In Thailand, the provinces of Yala, Pattani, parts of Songkhla and Narathiwat have witnessed the resurgence of violence since 2004. Allegations have been made that the separatist Barisan Revolusi Nasional (BRN) has conducted attacks on the majority of Buddhist population living in Thailand.
For Patani’s identity, Islam plays a crucial role. In 1902, the kingdom of Patani was annexed by Thailand and still, now the regions hold back its distinct identity, religion, culture, and customs.
Violence re-emerged 14 years back and since then 7,000 people have died and more than 12,500 are injured. Despite all the domestic and international efforts, there is no end to the conflict which is more than 100 years old. Phra Visuddho strongly believes in the co-existential policies of the Thai government. But some people have dubbed this approach as ‘Thaification’ or forced assimilation.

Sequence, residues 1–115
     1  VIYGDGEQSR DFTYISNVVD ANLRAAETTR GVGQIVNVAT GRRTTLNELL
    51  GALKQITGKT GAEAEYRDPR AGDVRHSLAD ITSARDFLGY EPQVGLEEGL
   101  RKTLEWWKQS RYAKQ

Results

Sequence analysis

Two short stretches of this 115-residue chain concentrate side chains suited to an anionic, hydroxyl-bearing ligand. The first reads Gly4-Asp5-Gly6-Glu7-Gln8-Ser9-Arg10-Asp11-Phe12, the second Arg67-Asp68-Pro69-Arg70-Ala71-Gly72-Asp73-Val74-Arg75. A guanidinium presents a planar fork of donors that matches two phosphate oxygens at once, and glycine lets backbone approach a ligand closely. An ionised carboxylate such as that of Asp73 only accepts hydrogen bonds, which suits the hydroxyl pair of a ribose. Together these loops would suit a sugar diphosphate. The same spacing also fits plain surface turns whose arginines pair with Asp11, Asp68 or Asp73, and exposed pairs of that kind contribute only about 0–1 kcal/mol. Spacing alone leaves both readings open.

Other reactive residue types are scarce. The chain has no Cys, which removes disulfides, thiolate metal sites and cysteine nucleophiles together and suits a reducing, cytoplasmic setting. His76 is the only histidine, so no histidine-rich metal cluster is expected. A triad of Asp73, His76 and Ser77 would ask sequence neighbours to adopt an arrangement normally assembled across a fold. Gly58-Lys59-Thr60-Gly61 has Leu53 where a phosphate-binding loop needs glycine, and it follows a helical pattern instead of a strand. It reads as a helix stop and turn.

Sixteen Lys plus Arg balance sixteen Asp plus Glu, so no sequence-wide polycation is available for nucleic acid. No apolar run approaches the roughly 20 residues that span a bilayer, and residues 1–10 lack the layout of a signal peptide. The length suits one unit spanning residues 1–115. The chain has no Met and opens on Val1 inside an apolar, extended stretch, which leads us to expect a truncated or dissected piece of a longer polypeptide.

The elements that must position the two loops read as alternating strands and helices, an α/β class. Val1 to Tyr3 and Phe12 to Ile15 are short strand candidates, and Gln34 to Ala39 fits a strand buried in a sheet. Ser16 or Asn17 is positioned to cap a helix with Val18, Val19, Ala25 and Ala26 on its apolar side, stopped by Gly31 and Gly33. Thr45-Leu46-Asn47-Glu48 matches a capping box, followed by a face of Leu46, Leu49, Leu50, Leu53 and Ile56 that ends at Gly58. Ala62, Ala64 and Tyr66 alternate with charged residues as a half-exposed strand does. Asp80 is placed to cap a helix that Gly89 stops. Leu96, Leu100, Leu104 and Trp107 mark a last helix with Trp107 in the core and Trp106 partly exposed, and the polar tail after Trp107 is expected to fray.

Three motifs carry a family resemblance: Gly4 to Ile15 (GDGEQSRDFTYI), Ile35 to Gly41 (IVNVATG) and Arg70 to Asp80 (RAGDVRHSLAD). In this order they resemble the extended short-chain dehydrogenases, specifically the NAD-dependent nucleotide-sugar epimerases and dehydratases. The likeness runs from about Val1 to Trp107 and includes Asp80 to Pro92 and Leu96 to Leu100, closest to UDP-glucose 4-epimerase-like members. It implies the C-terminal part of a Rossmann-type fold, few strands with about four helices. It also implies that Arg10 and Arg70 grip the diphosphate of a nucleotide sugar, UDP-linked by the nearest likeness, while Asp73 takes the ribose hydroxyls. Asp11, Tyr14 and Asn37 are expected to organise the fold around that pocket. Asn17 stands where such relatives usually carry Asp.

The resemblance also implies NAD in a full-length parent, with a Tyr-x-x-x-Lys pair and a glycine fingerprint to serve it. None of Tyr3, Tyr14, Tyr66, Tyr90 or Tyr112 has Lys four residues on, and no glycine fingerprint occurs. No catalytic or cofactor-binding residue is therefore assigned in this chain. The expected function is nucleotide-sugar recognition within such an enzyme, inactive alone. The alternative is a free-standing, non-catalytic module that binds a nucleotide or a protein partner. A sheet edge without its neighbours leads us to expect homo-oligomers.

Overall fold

Visuddho believes that the change must come from the Muslims in the Thai community. They should accept the ideas of co-existence and tolerance.
Visuddho feels that the separatist’s methods are becoming very brutal and are targeting the Buddhist school teachers in particular. When the Buddhist community went to find out a solution to this problem, the answer they found out was violence. Visudhho is pretty insubstantial and nonchalant. Love and understanding are the two most important principles of Buddhism. The monks are trying to decrease the tensions between the two religious sects.
Buddhism only supports other religions but it does not impose anything on the others. Buddhism wants balance among all.
Unless the minorities are not given space to express their faith, language and culture, peace among the various ethnic and religious groups in Southeast Asia cannot be attained.
The Thai Muslims and Buddhists must look into their own selves to find an appropriate solution.